In a Press Release issued last Friday, the FAA announced its revocation of American Air Network’s Part 135 air carrier certificate. If you recall from my May 4, 2006 post, the Administrator previously affirmed a $7,000.00 civil penalty against the air carrier for operating a charter flight with a second-in-command pilot whose 2nd class medical certificate had expired.
In this case, the FAA issued an emergency order of revocation of American Air’s air carrier certificate. The FAA based its emergency revocation upon its determination that American Air had “permitted flights for hire or compensation to be conducted on its air carrier certificate when individuals who did not hold an air carrier certificate exercised operational control of those flights.” American Air appealed the emergency order of revocation, but dropped the appeal after the FAA presented its case at a hearing in December.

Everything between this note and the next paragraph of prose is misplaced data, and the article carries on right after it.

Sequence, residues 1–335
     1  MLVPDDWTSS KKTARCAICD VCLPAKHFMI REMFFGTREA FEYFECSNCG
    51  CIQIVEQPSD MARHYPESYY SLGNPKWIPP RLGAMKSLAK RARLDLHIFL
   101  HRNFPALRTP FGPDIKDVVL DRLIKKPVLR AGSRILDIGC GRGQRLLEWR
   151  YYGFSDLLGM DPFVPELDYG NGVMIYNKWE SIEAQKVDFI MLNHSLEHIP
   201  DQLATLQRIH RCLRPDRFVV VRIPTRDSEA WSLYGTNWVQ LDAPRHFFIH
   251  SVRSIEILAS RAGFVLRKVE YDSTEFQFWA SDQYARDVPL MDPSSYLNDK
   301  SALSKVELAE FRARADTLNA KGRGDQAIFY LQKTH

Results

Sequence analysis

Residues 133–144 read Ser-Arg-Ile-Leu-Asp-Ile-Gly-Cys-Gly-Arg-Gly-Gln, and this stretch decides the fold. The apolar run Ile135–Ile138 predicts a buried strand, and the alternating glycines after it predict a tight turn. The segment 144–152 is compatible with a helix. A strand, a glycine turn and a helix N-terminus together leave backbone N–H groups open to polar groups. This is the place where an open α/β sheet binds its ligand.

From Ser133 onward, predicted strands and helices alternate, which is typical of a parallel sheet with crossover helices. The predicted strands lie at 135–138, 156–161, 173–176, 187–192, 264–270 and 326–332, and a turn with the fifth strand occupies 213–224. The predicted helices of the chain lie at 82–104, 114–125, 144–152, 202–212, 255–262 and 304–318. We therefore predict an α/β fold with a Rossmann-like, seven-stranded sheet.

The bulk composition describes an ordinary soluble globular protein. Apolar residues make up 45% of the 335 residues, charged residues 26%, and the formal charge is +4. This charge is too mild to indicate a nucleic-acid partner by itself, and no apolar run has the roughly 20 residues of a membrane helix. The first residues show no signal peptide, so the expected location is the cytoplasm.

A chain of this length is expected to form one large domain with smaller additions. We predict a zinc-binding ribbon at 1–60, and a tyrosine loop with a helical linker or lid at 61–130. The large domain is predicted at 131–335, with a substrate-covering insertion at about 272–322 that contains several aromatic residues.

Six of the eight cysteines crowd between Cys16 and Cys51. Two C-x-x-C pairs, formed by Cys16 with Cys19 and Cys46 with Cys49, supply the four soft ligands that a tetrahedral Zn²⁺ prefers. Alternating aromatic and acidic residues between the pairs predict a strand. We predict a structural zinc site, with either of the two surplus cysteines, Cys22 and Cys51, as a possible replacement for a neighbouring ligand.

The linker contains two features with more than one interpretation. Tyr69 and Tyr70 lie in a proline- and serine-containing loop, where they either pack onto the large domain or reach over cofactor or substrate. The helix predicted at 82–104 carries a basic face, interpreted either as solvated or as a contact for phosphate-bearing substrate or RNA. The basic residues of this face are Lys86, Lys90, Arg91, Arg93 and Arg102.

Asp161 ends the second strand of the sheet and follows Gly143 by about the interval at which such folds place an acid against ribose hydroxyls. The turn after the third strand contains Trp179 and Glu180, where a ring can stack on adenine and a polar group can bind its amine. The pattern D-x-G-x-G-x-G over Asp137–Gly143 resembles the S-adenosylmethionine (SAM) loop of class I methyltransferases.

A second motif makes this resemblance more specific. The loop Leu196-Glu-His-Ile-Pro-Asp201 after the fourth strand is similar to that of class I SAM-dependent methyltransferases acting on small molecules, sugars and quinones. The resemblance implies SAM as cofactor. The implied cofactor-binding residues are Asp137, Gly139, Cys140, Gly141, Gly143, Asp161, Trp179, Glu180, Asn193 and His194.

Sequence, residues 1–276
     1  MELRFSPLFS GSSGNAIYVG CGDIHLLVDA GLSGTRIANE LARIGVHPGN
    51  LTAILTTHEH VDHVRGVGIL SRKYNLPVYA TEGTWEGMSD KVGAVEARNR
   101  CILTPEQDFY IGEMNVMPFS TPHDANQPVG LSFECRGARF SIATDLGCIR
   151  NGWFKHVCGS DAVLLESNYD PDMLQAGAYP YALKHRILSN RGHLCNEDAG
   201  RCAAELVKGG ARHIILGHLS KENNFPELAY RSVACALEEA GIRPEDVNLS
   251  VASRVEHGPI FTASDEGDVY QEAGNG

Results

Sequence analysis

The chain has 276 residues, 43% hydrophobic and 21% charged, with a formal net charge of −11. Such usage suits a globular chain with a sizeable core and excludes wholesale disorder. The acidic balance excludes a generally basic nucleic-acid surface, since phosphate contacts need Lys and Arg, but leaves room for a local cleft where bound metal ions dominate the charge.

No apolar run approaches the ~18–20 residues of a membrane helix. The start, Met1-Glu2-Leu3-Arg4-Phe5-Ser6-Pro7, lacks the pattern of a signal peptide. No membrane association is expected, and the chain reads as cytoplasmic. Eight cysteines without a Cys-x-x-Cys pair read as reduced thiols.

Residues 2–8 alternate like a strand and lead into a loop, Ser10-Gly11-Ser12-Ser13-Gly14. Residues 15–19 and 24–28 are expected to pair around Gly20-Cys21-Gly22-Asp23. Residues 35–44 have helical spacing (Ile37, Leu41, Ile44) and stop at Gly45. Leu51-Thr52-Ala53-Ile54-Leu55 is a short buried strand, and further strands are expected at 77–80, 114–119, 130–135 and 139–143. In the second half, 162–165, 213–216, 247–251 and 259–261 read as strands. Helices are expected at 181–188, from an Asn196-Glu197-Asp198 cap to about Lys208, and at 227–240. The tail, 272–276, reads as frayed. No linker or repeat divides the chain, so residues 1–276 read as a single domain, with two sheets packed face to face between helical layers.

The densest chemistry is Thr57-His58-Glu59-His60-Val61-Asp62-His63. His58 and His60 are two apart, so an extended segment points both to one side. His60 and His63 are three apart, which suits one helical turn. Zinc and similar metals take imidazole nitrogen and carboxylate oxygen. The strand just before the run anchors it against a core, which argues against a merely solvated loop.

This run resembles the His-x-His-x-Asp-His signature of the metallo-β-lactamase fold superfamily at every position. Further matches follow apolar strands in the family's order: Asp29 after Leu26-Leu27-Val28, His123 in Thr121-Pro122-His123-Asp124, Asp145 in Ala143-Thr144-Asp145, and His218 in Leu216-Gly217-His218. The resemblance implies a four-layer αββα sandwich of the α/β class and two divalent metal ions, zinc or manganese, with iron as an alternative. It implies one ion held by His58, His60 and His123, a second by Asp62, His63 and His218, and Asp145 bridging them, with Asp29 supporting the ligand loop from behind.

According to the Press Release, “[t]he FAA’s action is part of a national review of air taxi operational control issues” and should send “a clear message that the FAA will act when it finds evidence that any air carrier is engaged in the franchising or rental of its air carrier certificate.” The operational control issue is clearly a “hot-button” for the FAA. However, to its credit, it is currently holding operational control briefings throughout the country to educate and inform operators regarding its position on this issue. These briefings are highly recommended and, provided that the FAA’s enforcement actions are consistent with the information disseminated at the briefings, they should help operator’s comply with the operational control regulatory requirement of a Part 135 air carrier certificate.